Scotland independence vote: Pakistani politician woos Asian ‘No’ vote

 

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The battle for Scotland’s Asian voters has intensified in the final week of campaigning as the “No” campaign has enlisted the support of the Governor of Pakistan’s Punjab province, in a move the “Yes” campaign has denounced as “foreign interference”.

Mohammad Sarwar, a former Glasgow MP who surrendered his British nationality last year to become the Governor of Pakistan’s Punjab province, has returned to Scotland to persuade his former constituents to vote against an independent Scotland.

“The vote is too close to call,” Mr Sarwar told The Independent on Sunday from Glasgow. “So the ethnic minority vote has become crucial.” Ethnic minorities represent more than 4 per cent of Scotland’s total population, with about 140,000 people who class themselves as Asian Scots.

This sizeable minority will be courted more than ever this week as the tight electoral race concludes. While younger ethnic minority voters seem to be siding with the Yes campaign, many of the older generation feel strong ties to Britain because of the historic links between the UK and the Indian subcontinent.

Naranjan Singh Benning, 63, a retired businessman and committed No voter said: “I’ve lived in Scotland for 18 years. I was born in India and I was in London for 35 years before coming to Glasgow. I definitely feel British rather Scottish. We are all one country; it doesn’t matter where you live.”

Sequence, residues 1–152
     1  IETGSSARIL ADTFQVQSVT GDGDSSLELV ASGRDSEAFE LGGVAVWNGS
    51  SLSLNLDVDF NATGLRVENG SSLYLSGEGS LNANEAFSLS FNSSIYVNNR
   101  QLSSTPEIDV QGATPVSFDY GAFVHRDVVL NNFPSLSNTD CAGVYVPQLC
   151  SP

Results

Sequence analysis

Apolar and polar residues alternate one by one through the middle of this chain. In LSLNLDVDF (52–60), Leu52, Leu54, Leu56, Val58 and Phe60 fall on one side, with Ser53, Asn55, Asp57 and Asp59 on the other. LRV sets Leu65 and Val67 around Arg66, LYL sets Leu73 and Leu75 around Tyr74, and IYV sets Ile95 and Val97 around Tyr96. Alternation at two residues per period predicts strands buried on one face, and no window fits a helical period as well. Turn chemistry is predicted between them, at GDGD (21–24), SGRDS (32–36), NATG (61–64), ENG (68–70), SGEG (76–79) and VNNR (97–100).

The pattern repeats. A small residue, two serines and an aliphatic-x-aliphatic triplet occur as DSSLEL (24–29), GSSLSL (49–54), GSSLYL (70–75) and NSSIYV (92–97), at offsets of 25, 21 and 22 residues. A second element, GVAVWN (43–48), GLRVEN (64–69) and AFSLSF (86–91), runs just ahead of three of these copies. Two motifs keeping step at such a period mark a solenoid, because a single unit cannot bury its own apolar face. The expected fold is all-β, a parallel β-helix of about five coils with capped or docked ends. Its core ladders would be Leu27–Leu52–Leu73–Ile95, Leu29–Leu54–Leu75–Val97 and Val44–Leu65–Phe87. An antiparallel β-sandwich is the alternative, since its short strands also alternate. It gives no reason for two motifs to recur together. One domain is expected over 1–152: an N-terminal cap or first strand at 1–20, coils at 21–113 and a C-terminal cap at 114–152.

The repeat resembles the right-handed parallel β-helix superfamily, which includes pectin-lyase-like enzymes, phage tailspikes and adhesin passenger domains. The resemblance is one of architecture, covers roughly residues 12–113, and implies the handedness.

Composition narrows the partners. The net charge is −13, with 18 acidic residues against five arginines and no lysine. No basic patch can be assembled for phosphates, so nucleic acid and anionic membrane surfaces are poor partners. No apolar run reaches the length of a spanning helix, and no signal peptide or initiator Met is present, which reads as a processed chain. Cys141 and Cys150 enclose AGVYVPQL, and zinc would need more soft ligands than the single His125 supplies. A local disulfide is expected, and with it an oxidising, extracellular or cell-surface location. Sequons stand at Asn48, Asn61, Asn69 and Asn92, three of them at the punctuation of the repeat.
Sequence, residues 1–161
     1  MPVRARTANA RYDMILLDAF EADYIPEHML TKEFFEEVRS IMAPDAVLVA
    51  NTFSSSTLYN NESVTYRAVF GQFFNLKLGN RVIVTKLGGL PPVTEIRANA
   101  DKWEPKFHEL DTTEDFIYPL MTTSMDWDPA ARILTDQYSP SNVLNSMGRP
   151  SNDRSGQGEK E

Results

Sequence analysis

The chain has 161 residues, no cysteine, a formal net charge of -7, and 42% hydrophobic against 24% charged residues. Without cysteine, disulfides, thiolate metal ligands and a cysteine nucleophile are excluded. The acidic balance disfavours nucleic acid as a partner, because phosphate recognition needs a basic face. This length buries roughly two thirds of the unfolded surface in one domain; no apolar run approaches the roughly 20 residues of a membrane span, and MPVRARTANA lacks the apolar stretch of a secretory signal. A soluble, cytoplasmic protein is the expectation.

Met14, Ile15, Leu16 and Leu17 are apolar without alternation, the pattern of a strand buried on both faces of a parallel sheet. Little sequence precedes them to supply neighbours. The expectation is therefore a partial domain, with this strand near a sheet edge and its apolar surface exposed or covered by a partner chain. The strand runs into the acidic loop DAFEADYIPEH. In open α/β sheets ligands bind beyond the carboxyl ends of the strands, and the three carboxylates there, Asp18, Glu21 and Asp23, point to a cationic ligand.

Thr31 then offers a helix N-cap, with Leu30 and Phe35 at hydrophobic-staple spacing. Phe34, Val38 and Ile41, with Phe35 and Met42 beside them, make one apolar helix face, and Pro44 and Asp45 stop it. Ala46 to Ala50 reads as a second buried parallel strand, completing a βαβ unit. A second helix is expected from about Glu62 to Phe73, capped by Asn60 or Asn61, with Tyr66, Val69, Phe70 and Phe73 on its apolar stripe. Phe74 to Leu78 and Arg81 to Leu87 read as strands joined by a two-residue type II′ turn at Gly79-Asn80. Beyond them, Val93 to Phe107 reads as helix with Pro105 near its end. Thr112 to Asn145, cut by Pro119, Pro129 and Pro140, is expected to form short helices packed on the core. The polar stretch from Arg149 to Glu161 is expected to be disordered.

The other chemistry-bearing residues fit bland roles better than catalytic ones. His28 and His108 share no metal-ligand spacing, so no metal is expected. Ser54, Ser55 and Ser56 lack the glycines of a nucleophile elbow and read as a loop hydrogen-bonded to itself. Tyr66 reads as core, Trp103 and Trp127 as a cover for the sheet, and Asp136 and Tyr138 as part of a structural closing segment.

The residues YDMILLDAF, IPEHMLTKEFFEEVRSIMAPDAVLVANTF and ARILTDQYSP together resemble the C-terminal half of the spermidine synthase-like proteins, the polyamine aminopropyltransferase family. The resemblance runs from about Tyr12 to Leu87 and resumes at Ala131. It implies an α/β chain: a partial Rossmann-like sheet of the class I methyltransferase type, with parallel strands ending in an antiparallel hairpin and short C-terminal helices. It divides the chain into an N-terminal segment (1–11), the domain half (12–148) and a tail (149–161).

Research by the Centre on Dynamics of Ethnicity recently found that minority groups in Scotland are more likely to claim a Scottish identity compared to those in England choosing to an English identity, however. Overall 94 per cent of those from ethnic communities born in Scotland identify as being Scottish rather than British – a majority likely to boost the Yes vote.

Voters of Pakistani origin form the largest ethnic minority group in Scotland. Over the course of the final few days of campaigning, Mr Sarwar will be addressing several public meetings organised by the No campaign.

“The union has served us well,” the former Labour MP for Glasgow Govan and Glasgow Central said. “Scotland benefited, England benefited. I think it’s not just that the people of Scotland will suffer [from a break-up], but the people of England, too.”

Mr Sarwar’s high-profile intervention has, however, been met with disapproval from Yes campaigners, who say that a foreign politician’s campaigning goes against the spirit of the Edinburgh Agreement.

Humza Yousaf, Scotland’s Minister for External Affairs and International Development, said: “If he is here to campaign for the No camp, we would look at that unfavourably. This isn’t an issue for foreign governments to interfere in.”

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